On Monday morning Goldman announced that Mr Schwartz would leave the bank after a 20-year career, mostly in the securities division.
The question of Blankfein's successor has been a topic of debate across the financial industry since Friday, when the Wall Street Journal reported that the CEO would step down as early as the end of this year.
Before taking the co-COO role, Solomon had been a cohead of investment banking in NY for a decade.
Harvey Schwartz's resignation comes after 20 years with Goldman Sachs.
Goldman made no mention of Blankfein's future plans in its announcement.
Vertical Group analyst Dick Bove, who sharply criticized Blankfein's leadership of Goldman, said selecting Solomon would position the bank for new opportunities amid changing United States policies on taxes, trade and potentially fiscal stimulus.
The end of Blankfein's tenure at the top of Goldman Sachs has always been a Wall Street talking point.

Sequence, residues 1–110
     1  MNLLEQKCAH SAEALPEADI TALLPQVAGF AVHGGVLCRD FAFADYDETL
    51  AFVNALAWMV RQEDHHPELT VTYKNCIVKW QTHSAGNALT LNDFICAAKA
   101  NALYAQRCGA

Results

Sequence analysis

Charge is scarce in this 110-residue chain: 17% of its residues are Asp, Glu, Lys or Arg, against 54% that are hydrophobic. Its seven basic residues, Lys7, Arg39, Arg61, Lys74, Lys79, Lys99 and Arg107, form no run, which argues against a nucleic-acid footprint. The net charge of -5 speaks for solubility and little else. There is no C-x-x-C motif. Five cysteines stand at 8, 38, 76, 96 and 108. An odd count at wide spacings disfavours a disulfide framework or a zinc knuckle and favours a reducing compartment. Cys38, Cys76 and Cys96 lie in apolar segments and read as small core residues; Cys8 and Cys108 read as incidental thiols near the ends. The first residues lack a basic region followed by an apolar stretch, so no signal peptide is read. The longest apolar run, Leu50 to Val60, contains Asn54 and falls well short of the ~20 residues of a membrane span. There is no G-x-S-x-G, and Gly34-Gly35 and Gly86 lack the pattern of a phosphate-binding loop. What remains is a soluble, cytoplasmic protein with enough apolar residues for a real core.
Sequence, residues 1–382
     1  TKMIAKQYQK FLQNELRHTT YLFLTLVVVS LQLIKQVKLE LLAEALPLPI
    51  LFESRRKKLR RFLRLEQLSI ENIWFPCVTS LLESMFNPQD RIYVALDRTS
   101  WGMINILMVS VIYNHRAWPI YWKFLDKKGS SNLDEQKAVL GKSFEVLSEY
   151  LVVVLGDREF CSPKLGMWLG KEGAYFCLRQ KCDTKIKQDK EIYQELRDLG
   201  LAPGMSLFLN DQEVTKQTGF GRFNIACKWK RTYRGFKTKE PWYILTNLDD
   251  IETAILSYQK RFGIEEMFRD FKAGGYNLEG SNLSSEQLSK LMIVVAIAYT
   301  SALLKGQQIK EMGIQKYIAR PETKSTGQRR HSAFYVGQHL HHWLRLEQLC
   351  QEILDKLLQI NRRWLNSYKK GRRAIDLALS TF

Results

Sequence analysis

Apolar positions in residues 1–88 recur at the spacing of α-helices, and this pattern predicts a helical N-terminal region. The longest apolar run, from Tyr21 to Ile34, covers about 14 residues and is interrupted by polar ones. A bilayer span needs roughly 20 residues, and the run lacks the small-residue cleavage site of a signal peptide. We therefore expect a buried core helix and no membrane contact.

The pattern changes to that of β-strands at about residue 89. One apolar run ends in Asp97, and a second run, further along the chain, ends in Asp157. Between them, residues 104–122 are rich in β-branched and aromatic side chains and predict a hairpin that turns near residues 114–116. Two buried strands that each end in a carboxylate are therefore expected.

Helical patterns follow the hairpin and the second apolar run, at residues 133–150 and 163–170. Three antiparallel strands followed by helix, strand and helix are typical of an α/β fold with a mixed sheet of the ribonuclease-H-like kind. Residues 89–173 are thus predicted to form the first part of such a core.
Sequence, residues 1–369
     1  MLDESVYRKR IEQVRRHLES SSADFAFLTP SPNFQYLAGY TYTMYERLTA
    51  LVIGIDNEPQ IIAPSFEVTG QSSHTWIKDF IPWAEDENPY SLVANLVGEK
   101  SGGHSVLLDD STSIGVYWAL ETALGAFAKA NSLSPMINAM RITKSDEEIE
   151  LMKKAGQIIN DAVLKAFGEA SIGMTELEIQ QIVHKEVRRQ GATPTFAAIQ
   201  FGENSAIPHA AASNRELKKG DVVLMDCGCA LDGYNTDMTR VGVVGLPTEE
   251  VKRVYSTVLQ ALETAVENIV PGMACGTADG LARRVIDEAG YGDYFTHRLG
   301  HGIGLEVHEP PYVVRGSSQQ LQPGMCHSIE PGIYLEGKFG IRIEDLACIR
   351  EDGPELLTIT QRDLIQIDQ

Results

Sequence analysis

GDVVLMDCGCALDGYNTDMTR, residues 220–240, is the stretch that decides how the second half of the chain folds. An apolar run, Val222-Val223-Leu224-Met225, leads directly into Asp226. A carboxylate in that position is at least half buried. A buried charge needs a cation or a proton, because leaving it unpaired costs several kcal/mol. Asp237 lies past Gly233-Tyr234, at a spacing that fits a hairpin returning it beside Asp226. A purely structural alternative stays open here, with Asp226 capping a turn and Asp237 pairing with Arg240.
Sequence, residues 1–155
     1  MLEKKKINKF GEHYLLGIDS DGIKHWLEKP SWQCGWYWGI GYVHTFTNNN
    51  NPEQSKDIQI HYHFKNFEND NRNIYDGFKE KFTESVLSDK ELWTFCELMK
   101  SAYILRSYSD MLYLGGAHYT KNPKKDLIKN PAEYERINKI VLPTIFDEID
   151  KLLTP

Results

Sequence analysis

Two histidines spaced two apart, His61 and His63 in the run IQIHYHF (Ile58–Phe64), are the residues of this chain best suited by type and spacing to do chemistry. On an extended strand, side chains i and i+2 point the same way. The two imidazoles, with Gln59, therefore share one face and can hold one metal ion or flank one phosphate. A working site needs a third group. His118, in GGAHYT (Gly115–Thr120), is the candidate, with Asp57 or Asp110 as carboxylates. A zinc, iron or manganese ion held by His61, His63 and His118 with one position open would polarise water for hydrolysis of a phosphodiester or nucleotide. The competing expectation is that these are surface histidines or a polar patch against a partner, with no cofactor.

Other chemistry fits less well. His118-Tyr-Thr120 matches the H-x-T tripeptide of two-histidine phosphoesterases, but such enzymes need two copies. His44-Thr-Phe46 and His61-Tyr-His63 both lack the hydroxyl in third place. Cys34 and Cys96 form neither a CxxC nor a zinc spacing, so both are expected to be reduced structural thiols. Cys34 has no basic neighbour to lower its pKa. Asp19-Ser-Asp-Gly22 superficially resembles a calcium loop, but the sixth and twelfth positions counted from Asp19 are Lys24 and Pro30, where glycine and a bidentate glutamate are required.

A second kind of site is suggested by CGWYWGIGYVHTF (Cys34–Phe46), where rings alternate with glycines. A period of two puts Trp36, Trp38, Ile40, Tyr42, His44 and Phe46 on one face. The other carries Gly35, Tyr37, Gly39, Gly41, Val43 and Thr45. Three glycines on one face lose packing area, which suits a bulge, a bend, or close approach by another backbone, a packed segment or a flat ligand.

Mayo predicted that the CEO transition would happen next year, during Goldman Sachs' 150th anniversary as a firm, when he said the firm should be better positioned for Blankfein to exit on top. What's more, Blankfein and JPMorgan's Jamie Dimon are the only two remaining big bank CEOs from the 2008 financial crisis.
"I look forward to continuing to work closely with David in building our franchise around the world, serving our expanding client base and delivering strong returns for our shareholders, "Blankfein said in the statement".
Shares of Goldman Sachs finished up 1.0 percent to $273.38.
By contrast, Solomon has an investment banking background.
Schwartz's departure leaves Solomon - who has gained notoriety in recent years for moonlighting as a DJ at nightclubs in NY and Miami - as the apparent successor to Blankfein. In 2009, Schwartz' department made more than $33 billion for the bank. He has also taken on a leading role in the firm's diversity push and initiatives to improve working conditions for young bankers.